South Korean President, Yoon Suk-yeol, making the first bilateral visit by a Korean leader to Japan in a dozen years will go a long way to improve their collaboration in a range of areas. These include economic security, advanced sciences and technologies, finance and military intelligence sharing.
Korea had nearly terminated their intelligence sharing agreement after Japan imposed export controls over semiconductor and display industry items to South Korea in 2019. Japan announced lifting of controls ahead of the visit.
By agreeing to initiate and revive a broad range of cooperative issues the two nations have hopefully, sought to put the acrimonious past behind them.
President Yoon represents People Power Party — a conservative outfit and had campaigned on improving relations with Japan and the US that had deteriorated under his centre left predecessor Moon Jae-in.
South Korea and Japan have a long history of tensions and mistrust, dating back to Japan’s colonisation of the Korean peninsula from 1910 to 1945. During this period, Japan reportedly forced Koreans to adopt Japanese culture and language, and many Koreans were allegedly subjected to forced labour and sexual slavery. These actions continue to be a major source of resentment and mistrust between the two countries.
Framework for economic cooperation
Despite numerous attempts at reconciliation, tensions between South Korea and Japan have persisted. One of the most significant of these attempts was the 1965 Treaty on Basic Relations between Japan and South Korea, which normalised relations between the two countries and established a framework for economic cooperation.
However, Korea claims that the treaty did not address the issue of compensation for the alleged wartime atrocities, and tensions have continued to simmer.
The Japanese argue that the 1965 Basic Treaty settled the colonial era issues between the two countries under which Japan provided millions of dollars in grants and loans in compensation for the alleged Japanese excesses during the colonisation era.
Seoul believes that the 1965 Treaty did not address these two questions adequately. The issues remained wrapped under strict military rule and were brought forth more in public domain after Korea democratised in 1987.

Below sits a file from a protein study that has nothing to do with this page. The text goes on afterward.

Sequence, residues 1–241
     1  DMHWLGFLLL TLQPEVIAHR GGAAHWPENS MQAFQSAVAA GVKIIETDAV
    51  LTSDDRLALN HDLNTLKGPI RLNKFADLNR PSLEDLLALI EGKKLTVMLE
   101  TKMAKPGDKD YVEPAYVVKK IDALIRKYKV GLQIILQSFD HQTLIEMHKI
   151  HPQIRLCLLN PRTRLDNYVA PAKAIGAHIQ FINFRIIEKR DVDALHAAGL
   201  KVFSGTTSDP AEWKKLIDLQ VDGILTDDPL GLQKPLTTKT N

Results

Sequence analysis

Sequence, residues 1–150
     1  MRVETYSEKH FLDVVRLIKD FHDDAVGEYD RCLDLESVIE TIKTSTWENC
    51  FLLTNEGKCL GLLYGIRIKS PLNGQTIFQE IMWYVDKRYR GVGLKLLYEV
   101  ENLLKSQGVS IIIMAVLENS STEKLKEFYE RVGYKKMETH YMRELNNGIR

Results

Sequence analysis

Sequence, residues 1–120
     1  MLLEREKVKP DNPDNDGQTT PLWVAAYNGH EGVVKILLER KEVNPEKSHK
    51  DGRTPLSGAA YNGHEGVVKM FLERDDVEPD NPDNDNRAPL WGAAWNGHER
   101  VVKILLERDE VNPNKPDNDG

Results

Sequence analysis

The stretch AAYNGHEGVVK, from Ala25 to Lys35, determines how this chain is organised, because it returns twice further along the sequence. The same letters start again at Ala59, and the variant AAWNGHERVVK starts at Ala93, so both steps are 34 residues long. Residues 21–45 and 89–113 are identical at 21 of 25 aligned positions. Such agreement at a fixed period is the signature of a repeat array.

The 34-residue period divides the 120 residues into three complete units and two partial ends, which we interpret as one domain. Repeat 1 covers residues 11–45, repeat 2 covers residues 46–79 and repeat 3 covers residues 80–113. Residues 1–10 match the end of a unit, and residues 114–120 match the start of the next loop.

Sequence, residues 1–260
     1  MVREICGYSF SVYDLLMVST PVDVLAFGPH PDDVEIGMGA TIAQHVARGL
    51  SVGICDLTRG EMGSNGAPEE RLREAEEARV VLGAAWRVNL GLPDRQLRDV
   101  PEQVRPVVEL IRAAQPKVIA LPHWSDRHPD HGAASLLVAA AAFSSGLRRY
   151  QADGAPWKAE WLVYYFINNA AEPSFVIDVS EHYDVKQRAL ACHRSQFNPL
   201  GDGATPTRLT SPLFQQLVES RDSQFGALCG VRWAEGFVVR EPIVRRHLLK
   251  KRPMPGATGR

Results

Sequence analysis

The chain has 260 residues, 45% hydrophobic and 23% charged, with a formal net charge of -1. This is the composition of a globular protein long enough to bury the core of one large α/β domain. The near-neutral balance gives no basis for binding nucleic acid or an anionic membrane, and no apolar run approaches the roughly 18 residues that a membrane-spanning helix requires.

Their relations hit a low point in 2019 since the 1965 normalisation when Japan imposed export restrictions on key chemicals used in manufacturing semiconductors and smartphone screens in South Korea. This was in retaliation to a Korea’s Supreme Court ruling ordering Mitsubishi Heavy Industries and Nippon Steel to pay compensation to the surviving forced labourers.
Now President Yoon has agreed to compensate them. Polls in South Korea show 59 per cent of people oppose compensation to the forced labourers from funds generated within Korea — demanding compensation directly from Japan. The opposition Democratic Party considers the agreements as ‘surrender.’
With an overwhelming majority in Korea’s National Assembly, it is unlikely to go along with the measures to boost cooperation in the absence of more apologetic gestures from Japan.
Japanese Prime Minister Fumio Kishida faces factional pressures within his own Liberal Democratic Party. In the backdrop of what has happened to the previous agreements it is still a question how PM Kishida will build basis of a more sustainable and a balanced relationship that receives public acceptance in both countries.
Reasons for optimism
Despite their history of tensions, South Korea and Japan have much to gain from cooperation. Both countries are major economic powers and leaders in technology and innovation, and their cooperation could lead to significant economic benefits for both countries.
The United States has a major stake in the relationship between South Korea and Japan. Both countries are key allies of the United States in the region, and both host thousands of American troops on their soil. Their cooperation is needed by the US in maintaining regional dominance. The US has urged both countries to put aside their differences and work together for the common good.
Looking to the future, there are some reasons for optimism. Both South Korea and Japan have expressed a willingness to work together on host of issues and regional security.
Additionally, the Biden administration has made it a priority to improve relations between the two countries, and there have been some positive developments in this regard, such as a recent trilateral ministerial meeting between the United States, South Korea, and Japan in February this year.
However, significant challenges remain. Nationalistic sentiments and historical grievances continue to make cooperation difficult, and there is no easy solution to these issues. Nevertheless, the benefits of cooperation are clear, and it is important that both countries continue to work towards a more constructive relationship.
The meeting between PM Kishida and President Yoon has opened possibilities for the future uplifting of relations between two key states in North Asia. While the door for reproachment has opened history tells us that ‘perils of reversal remain.’ Much of the hope is pinned upon Kishida’s likely return visit later this year.
Sajjad Ashraf served as an adjunct professor at the Lee Kuan Yew School of Public Policy, National University of Singapore from 2009 to 2017. He was a member of Pakistan Foreign Service from 1973 to 2008 and served as ambassador to several countries.